Jessie remembers sending her daughter to a very unique environmental awareness camp. “The children had to get together in groups and make actual liveable huts out of recycled material,” she says. “They learnt how closely related the ecosystem is and how we cannot detach ourselves from it… how man is a social animal and can only prosper if there is an element of harmony in the environment. The kids learnt how to cooperate with each other and deliver results.”
Maya also says that summer camp really helped Liad’s social skills. “It was a mixed age-group camp, so his confidence improved greatly,” she says. “The older kids took care of the younger ones and felt responsible for them. While it taught the older ones responsibility, the younger kids were encouraged to go beyond their abilities and push their limits a bit.”
My children were recently part of a mixed-age cooking camp. It was good to see my daughter helping the younger kids with the slightly more complicated tasks, without being asked. My son, on the other hand, upped his game in trying to be as neat and well presented as the older children. It was nice to see the kids work with their peer groups as well, to come up with ideas and thoughts.
Learning new skills and stepping out of your comfort zone always broadens your horizon and opens new avenues. It is a known fact that all top achievers are lifelong learners. To constantly look for new insights and ideas and keep growing is the biggest and most important life lesson that we can teach our kids. Exposing them to novelty and challenging them physically and mentally will shape them to the best of their potential.
“One camp Bella went to had the motto of ‘No rules, but promises.’ It was a carefree environment where they worked on ideas and learnt to be responsible for their actions. It gave her a sense of purpose, hope and direction,” shares Jessie.
Maya recounts how Liad was so excited about the final day of a drama camp he attended recently. “The entire team of children had to give a performance at the end. It was nice to see them think and innovate, and work very hard to put on a great show.”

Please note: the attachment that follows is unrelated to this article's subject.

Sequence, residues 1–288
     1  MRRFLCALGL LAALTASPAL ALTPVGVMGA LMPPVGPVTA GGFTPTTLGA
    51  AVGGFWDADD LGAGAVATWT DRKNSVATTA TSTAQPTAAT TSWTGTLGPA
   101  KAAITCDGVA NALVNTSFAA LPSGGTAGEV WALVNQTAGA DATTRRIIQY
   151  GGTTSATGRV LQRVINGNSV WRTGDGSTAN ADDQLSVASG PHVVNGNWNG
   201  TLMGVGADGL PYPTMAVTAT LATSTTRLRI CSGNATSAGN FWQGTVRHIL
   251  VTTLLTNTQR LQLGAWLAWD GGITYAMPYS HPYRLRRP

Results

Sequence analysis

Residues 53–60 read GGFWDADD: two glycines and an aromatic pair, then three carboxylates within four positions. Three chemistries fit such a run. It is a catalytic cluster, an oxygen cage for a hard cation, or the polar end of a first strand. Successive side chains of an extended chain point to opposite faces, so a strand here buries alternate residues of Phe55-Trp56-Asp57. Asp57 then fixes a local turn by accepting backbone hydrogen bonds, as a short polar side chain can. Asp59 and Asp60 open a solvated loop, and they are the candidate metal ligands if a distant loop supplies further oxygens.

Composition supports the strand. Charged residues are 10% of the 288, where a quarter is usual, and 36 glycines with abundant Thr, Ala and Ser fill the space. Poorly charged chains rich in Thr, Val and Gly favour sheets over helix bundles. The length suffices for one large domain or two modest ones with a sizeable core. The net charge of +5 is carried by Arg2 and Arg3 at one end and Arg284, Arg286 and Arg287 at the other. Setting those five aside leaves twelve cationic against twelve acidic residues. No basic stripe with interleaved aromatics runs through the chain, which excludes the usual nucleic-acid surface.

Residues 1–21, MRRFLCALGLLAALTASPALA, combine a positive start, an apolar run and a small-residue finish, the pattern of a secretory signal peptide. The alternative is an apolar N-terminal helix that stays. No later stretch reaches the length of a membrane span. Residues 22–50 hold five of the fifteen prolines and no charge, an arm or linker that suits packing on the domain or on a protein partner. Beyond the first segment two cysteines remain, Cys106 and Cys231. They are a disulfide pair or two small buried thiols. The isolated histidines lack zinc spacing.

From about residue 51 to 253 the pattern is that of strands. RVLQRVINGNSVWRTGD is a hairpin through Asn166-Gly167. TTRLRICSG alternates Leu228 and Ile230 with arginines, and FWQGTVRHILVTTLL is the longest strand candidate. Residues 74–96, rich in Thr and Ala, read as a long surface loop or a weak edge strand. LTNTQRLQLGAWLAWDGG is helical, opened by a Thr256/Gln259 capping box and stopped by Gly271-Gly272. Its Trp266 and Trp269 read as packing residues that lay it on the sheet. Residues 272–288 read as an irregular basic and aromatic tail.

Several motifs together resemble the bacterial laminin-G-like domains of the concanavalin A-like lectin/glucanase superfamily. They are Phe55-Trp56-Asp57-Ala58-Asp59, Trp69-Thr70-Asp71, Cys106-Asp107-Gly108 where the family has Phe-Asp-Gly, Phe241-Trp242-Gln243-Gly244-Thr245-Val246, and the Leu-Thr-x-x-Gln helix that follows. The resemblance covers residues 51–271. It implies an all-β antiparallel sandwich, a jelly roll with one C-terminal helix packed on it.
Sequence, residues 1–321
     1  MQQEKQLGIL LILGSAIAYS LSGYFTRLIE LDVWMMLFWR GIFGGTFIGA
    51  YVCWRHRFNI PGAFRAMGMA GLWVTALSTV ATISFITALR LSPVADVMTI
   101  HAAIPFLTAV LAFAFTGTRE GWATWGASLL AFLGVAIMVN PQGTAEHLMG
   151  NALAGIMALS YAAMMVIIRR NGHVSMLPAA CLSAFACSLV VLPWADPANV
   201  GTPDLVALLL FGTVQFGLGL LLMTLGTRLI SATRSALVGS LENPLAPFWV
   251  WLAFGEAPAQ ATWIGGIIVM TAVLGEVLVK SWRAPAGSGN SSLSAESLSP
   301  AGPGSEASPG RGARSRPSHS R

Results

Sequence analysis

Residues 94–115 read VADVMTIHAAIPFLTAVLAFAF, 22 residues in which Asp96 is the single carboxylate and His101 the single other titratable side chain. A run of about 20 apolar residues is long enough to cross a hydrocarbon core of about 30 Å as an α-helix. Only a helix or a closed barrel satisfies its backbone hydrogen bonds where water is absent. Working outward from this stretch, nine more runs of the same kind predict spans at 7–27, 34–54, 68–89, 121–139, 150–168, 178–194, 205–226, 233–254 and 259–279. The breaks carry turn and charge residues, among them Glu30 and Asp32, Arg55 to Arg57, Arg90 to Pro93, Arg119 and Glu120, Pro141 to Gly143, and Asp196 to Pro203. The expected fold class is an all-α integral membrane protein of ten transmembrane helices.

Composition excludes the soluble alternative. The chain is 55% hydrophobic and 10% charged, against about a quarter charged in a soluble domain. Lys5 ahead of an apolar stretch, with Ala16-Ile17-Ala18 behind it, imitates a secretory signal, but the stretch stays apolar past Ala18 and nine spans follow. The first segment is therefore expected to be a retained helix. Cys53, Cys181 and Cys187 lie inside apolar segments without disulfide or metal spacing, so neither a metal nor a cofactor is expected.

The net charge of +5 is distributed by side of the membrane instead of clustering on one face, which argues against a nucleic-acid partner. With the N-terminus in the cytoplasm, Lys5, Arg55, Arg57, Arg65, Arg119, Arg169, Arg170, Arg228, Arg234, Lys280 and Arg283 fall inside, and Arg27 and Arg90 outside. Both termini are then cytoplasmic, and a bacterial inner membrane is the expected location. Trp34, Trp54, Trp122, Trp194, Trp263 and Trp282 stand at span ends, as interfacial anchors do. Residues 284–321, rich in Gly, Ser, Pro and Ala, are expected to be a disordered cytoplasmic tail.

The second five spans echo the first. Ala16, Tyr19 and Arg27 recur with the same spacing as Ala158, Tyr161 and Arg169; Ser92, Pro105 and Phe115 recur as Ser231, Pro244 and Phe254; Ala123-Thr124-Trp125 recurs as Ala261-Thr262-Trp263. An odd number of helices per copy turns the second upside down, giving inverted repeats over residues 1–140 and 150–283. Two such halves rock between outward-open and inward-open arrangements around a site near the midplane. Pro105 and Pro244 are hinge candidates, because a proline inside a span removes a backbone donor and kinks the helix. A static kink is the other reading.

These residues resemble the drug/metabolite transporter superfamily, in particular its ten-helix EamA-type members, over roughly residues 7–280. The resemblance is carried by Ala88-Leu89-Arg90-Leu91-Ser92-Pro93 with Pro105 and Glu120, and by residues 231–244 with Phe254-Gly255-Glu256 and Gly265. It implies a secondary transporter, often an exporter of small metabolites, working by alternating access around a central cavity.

Equally, I know that sports camp challenged both my children every day. They were tired from all the physical exercise and would come home and have a full healthy meal, essential to nourish their bodies. They would wake up looking forward to their day with excitement and give it their best shot. They learnt to play within the rules and experienced the spirit of fair play. Through sports the children learnt discipline, problem solving and perseverance, which are much needed skills in life.
The benefits of holiday camps are indeed many. Fortunately, we live in a community which has a reputation for being family friendly. We have a plethora of options with ample open areas for sports and fitness. There are innumerable options to stay close to nature and be outdoors or stay indoors and perhaps try something different. No matter which camp we choose for our children, it is important to challenge them. If we push them to the outer boundaries of their abilities, we can then experience the joy as we watch their faces light up when they succeed.
As John A Shed wrote back in 1928, “A ship in the harbour is safe, but that is not what ships are built for.”
For a list of summer camps in Lantau and wider Hong Kong this year, visit https://goo.gl/56TrRA.
Photos by Baljit Gidwani – www.evoqueportraits.comTags: children, family, play, kids' summer camps, outdoor activities, social skills, benefits, games